Law Student Volunteer, Summer- Federal Tort Claims Act Section

Civil Division (CIV)

The FTCA Section’s Summer Law Clerk Program is highly-regarded. Its interns (or “law clerks”) are given substantive “lawyer’s work” which is utilized in the office’s practice. On average, a summer law clerk will have completed six to ten substantive assignments which often include issues involving federal rules of procedure, evidence, and a variety of state law issues.
An extensive Summer Brown Bag Lunch Speakers Series features not only FTCA or Department of Justice lawyers but federal judges, Superior Court of the District of Columbia judges, White House Staffers, Senate Counsel, docents for the National Gallery of Art (NGA) and the National Air and Space Museum, and former law clerks in public service such as Assistant U.S. Attorneys, Honors Program Attorneys, and federal agency counsel. Topics range from substantive talks on how to conduct discovery in a case to an overview of the FTCA to discussions about how NASA got to the moon and why looking at art is instructive for attorneys handling cases. Virtual weekly coffees and meet ups are scheduled. Occasional in-person meet ups for a docent tour at the NGA, and gatherings over coffee or meals are some favorite events.
The office’s friendly and open-door atmosphere fosters and encourages mentoring relationships between FTCA attorneys and law clerks. Introductions are made via videos by FTCA Staffers and the law clerks. Clerks receive close review of their assignments and a candid written evaluation is provided.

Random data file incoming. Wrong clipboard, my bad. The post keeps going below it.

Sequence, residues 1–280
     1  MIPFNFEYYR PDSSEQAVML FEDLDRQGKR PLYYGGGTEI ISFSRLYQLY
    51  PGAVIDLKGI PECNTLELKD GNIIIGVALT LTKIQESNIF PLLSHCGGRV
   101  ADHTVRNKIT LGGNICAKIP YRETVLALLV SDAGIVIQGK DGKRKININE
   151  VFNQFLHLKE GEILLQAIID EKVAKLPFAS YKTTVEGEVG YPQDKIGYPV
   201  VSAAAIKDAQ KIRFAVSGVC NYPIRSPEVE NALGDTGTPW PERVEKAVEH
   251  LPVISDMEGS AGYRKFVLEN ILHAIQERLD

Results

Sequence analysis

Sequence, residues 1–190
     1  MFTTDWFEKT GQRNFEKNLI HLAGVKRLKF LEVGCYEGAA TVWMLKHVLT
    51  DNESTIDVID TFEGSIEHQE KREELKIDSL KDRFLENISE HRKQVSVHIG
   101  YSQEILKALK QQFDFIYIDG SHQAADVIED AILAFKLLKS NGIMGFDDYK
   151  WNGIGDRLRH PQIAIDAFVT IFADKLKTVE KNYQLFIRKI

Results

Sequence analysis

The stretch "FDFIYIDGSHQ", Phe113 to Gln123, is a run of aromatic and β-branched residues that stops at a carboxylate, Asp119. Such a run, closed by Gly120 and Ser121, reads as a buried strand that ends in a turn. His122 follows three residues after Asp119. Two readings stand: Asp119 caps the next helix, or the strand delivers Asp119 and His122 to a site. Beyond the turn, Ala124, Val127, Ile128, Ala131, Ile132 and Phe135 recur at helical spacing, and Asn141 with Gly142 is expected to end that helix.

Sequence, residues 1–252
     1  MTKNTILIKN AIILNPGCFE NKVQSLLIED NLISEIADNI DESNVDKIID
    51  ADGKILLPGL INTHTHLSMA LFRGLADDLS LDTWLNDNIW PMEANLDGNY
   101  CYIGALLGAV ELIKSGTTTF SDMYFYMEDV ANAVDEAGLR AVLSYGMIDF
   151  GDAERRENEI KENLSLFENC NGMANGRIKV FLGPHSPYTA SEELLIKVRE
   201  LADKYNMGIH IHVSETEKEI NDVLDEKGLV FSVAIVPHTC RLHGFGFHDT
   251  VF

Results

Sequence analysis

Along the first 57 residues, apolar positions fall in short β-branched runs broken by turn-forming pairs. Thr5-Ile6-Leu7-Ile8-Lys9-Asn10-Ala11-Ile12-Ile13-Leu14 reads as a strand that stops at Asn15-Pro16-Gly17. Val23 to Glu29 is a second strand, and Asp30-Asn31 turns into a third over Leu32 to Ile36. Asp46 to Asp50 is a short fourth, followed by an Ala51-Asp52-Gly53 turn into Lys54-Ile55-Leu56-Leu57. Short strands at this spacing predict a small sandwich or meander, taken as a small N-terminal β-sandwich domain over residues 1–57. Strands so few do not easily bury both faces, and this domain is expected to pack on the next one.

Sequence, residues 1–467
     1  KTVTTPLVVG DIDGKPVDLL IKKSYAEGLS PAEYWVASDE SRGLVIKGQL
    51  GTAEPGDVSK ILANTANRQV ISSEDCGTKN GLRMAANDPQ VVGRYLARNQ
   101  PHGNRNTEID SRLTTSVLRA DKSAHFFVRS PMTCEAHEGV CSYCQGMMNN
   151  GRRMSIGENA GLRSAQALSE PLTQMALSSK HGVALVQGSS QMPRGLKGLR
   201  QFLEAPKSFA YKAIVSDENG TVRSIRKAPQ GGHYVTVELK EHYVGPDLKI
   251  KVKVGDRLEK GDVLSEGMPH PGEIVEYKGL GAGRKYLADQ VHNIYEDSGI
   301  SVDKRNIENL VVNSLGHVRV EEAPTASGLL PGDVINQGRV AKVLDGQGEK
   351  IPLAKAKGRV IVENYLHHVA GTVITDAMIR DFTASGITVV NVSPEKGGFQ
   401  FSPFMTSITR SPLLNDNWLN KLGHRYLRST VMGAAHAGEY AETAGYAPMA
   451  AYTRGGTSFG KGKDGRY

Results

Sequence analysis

Clerkship Location: Virtual, until further notice. Otherwise, 175 N Street, N.E. (Adjacent to NoMa/Gallaudet Metro Stop in Northeast Washington, D.C.)
Weeks/Hours: Law clerks work full-time (40 hours per week) for nine to ten weeks, minimum.


Students who will have completed at least one year of law school by the start of the clerkship. Candidates should be excellent writers in excellent academic standing. The office, however, considers the entire background and experience of applicants in assessing an application. Candidates must also be U.S. citizens or nationals, must have resided at least three of the past five years in the United States, and must successfully complete a background investigation.

Academic or work-study credit possible. Transit subsidies are available. Snacks provided.
Application Process:

Applicants should submit a cover letter, resume, writing sample (no more than ten pages and mostly legal analysis), and law school transcript, where available. Unofficial transcripts are accepted. Applications should be sent by email to Gail K. Johnson at
Please indicate that you are applying for a summer position in the subject line of your email.

Application Deadline: Applications for the summer are accepted on a rolling basis, December 1, 2021, starting deadline for first-year law students. Positions will typically be filled by early January 2022. Early applications are encouraged.

Relocation Expenses:
Number of Positions:
Job Location

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